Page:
Jack Pearadin and Doug Nelsen found a 1.73-carat diamond after nearly a year of searching the park's field.
I once asked a Swedish friend to recommend some Swedish-language comedies for me to watch. "Swedish language comedies?" Henrik said. "Let me think about this." A few days later, I received an email from him with some tentative suggestions and went to the library to check them out. The first, "Together," opens with a woman leaving her abusive husband and moving with her two children into a commune. Their presence naturally causes some disruptions in the workings of this hothouse of leftists, none of which are really laugh-out-loud funny. The second, "As It Is in Heaven," is the story of an orchestra conductor who, suffering health problems, retreats to his childhood home in Norrland, where he ends up struggling to lead a small choir while also confronting memories of terrible bullying during his youth — oh, and he dies in the end. (That's not a spoiler — this is a Swedish movie, after all.)
As moving as both films were, they were not comedies as we understand that word but more meditations upon identity and mortality. However, the newest release to arrive here from Sweden, "A Man Called Ove," offers a somewhat different experience. Rolf Lassgård plays the titular Ove, an old widower who is the terror of his neighborhood, going out every morning to do his "rounds" — making sure that the neighborhood association rules are being followed to the letter and that no bicycles are parked where not permitted, for example. In general, he is a tyrant to everyone he meets, a taciturn giant who mutters to himself about the world being run by "idiots." Even when he goes to visit the grave of his recently departed wife, Sonja, he spends much of his time complaining about the cost of flowers these days. So when he loses his job as a railroad engineer, Ove finds himself lacking the last bit of meaning his life offered. He dresses in his finest suit and hangs a noose in the living room.
Before he can kick the chair from beneath his feet, however, he sees through his front window someone attempting, very badly, to back a trailer into a lot across the street. Unable to withstand such a gross display of incompetence, he rushes out to take charge, thus inserting himself into the life of Parvaneh (Bahar Pars), a pregnant Iranian woman moving into the neighborhood with her husband, Patrick (Tobias Almborg), and their two children. As his life becomes entangled in theirs, more people come to him for help, interrupting his every suicide attempt with some new request or other. Indeed, he goes back to the grave of his wife time and again to apologize for making her wait on him — if he can just get all these idiots sorted out, he could join her like he had planned long ago.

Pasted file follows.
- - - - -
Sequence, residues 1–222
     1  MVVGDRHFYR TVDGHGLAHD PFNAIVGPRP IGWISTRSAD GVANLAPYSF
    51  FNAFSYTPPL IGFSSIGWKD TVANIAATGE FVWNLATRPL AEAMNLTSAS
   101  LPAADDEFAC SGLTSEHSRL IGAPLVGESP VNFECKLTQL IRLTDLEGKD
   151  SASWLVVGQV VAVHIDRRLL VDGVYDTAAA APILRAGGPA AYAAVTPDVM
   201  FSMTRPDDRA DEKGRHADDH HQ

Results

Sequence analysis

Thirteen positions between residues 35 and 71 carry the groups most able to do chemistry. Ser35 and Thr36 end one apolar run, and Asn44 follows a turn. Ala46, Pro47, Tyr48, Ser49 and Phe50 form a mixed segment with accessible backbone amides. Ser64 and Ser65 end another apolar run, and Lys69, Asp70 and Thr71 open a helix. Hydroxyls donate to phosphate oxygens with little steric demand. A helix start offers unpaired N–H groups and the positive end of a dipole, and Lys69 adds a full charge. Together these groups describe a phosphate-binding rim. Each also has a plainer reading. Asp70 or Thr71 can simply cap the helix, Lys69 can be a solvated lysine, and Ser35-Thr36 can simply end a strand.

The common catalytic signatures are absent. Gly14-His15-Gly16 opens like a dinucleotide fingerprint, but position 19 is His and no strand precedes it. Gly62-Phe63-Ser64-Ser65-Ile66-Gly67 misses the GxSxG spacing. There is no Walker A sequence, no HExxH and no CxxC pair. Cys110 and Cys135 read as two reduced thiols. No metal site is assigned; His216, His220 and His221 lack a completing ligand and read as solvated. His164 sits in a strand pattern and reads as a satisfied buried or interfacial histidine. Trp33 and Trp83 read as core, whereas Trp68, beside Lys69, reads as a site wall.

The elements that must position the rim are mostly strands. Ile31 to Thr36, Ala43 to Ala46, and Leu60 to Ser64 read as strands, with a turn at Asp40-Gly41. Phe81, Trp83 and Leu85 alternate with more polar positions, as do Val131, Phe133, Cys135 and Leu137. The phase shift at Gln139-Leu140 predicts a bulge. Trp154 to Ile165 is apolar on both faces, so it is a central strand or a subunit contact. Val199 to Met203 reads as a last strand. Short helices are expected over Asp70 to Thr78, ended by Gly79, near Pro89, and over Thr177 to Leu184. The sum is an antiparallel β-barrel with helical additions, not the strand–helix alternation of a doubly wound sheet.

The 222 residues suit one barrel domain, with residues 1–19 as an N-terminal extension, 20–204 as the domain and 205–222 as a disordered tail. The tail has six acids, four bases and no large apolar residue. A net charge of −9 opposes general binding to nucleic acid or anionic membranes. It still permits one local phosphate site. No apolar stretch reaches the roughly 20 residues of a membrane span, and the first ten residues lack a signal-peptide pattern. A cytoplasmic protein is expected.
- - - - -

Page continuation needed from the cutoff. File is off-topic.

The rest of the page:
But as we follow this story, we also get glimpses into Ove's past: the death of his parents, his work cleaning out railroad cars, and the day he met Sonja, a young woman studying to be a teacher. As Ove reveals more of his past, especially the tragedy which befell Sonja, we understand how he came to be this way. Writer/director Hannes Holm offers a comedic experience far different from lighter American fare, making the laughter so much sweeter by contrast to the tears wrung from the viewer. This is no simple tale of a grumpy geezer warming up to young people. It is a comedy in the more traditional sense of that word: a tale that highlights man's foibles.
After all, comedy runs closely parallel to tragedy; the defining difference between "Othello" and "Much Ado About Nothing" is how they end. Aristotle emphasized the experience of catharsis in tragedy, but "A Man Called Ove" offers a similar cleansing experience, with sadness and hilarity enough to leave the viewer feeling joyfully drained by the time the credits roll (not unlike last year's "Inside Out"). So it turns out that there is such a thing as a Swedish comedy, but instead of cheap laughs and easy distraction, "A Man Called Ove" offers, instead, a renewed outlook on the whole experience of living.